Eurorack Monster Base, design

Shortly after completing my TTSH build I started longing for some added functionality, as in having more function modules to patch sounds with. I then got into eurorack modular synthesizers, cobbled together a small desktop case (photo below) to house some modules in, and ran out of space shortly after. I have heard this is a very common story among modular synthesizer hobbyists ;)..

Oh well, looks like I’m about to design & build a bigger eurorack case!!

My first 3U 84hp eurorack skiff..

I’m going to babble about design backgrounds and such in the next two paragraphs, so if you came here looking for the actual design bits feel free to skip to ‘Build Features’.

Research

To get started somewhere with the build, I decided to look into what kind of commercial and DIY alternatives are on the market. This put me on the map about the main types of cases, the pros and cons of each of them and helped figuring out what features I’d like mine to have.

Summing up the variety of case types, size-wise I’d split them into to three main categories..:

  1. Small desktop cases. 84hp or 104hp wide and 3U tall.
  2. Medium desktop and rack cases. Latter being mountable to standard 19″ rack. 84hp wide and mostly 3U to 9U tall.
  3. Large desktop cases, often simple wooden boxes of varying size. 84, 104, 168 or 200hp wide and 6U to 12U tall. Can be stacked on top of one another to form the classic “wall of synthesizers”.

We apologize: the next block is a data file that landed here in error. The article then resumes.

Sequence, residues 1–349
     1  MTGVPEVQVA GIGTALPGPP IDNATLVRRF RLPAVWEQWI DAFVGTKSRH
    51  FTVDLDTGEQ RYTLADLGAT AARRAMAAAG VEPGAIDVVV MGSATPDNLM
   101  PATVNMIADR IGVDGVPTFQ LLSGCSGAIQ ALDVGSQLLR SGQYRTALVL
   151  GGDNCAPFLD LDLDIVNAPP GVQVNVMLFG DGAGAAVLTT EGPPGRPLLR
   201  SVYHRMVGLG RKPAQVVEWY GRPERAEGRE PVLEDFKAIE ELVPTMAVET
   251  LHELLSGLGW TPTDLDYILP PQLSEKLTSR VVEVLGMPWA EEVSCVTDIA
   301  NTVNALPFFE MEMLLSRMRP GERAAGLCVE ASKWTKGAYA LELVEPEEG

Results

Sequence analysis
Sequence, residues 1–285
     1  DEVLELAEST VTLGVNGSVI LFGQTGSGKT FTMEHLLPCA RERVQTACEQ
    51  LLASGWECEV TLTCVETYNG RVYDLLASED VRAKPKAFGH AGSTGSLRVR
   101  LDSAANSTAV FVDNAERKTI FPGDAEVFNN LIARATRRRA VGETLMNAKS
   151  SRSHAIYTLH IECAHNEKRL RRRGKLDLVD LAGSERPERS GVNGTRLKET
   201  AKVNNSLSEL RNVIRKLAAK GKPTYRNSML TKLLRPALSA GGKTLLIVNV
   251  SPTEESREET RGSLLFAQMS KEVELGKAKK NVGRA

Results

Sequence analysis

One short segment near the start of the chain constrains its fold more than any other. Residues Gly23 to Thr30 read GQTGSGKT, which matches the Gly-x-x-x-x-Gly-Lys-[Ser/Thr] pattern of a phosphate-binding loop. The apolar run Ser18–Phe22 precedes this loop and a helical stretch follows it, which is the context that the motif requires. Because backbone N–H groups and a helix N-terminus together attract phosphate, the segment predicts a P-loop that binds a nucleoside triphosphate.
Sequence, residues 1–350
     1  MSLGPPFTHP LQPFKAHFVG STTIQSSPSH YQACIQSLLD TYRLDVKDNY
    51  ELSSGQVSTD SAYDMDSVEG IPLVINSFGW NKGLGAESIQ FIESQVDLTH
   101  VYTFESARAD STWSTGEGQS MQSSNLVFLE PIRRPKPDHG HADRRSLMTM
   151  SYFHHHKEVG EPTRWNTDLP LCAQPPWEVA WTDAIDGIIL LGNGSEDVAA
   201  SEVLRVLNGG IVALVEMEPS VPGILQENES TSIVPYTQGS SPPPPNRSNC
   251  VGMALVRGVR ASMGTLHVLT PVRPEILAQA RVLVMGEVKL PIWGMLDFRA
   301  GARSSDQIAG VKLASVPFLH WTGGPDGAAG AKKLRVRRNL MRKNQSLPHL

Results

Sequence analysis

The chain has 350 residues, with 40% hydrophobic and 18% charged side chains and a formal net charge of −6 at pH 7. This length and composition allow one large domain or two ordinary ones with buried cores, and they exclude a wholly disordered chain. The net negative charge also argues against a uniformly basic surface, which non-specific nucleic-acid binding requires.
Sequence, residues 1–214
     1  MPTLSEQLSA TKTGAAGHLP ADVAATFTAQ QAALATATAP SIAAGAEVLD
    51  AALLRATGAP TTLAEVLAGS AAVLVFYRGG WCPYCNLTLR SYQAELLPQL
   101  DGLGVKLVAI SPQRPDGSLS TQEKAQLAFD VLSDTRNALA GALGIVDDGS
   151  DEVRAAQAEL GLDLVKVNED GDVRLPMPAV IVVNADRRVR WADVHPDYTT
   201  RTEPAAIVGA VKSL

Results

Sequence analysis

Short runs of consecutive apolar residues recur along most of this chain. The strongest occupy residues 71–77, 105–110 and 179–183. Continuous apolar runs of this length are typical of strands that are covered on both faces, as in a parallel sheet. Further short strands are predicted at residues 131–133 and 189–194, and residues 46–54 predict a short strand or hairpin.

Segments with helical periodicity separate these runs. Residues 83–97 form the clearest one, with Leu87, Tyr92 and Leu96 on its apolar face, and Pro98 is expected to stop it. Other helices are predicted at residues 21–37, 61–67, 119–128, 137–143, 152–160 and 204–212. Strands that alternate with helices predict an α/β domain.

Looking at pros and cons by size, the small cases are obviously good for mobile use as you can fit one in a (slightly larger than the average) backpack. They can’t fit many modules though and the more you need, each will of course add to build efforts and/or costs (each needs a power supply etc.). Medium size cases can be almost equally portable (eg. a modified suitcase) but can be a bit cheaper as you get more space for (almost) the same buck. Although if doing a medium-size rack case you also need a rack to put the case into and this will, provided you don’t have one, run some extra buck$$. Finally for large cases, you get the most module space for lesser costs but the case will be light years from portable.

Just to set a few quick examples, you could build a medium-sized desktop case by getting some sort of generic aluminium flight case off Ebay and the Doepfer A100 DIY kit off Thomann and following this Instructable by mploj. This would get you a 6U / 84hp (168hp total) sized portable case for slightly under 200€.

Or opting for a assembled small case, you could get something like the Doepfer LC3. This would get you 3U / 84hp case for about 240€. Or if a barebones 19″ rack skiff is more your thing, then perhaps get TipTop Audio’s Happy Ending Kit for ~160€.

TipTop Audio Happy Ending kit

My Options

Looking at which bits of other gear I’d like to have in close proximity of my eurorack modules, I ended up with a total size of 7U of 19″ rack modules, plus the TTSH and 1601 sequencer. At this point I already had enough eurorack modules to fill two 3U 84hp cases, with more builds underway. Using 19″ rack units as a yard stick, I would need at least 16U rack space to leave some room to expand (= 3U 84hp) and some flat surface (= table?) for the non-rack gear. So I concluded that my options would either be to..:

  1. Build a medium-sized desktop eurorack case and have my wheeled rack trolley (10U) next to it. Or